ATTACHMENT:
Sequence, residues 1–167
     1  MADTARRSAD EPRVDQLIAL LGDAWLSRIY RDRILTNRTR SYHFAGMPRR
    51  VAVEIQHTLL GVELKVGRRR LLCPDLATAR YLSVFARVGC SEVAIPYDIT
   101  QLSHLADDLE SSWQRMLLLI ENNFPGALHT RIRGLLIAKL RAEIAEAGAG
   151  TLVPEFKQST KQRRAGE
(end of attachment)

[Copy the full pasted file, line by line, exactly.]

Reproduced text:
Sequence, residues 1–167
     1  MADTARRSAD EPRVDQLIAL LGDAWLSRIY RDRILTNRTR SYHFAGMPRR
    51  VAVEIQHTLL GVELKVGRRR LLCPDLATAR YLSVFARVGC SEVAIPYDIT
   101  QLSHLADDLE SSWQRMLLLI ENNFPGALHT RIRGLLIAKL RAEIAEAGAG
   151  TLVPEFKQST KQRRAGE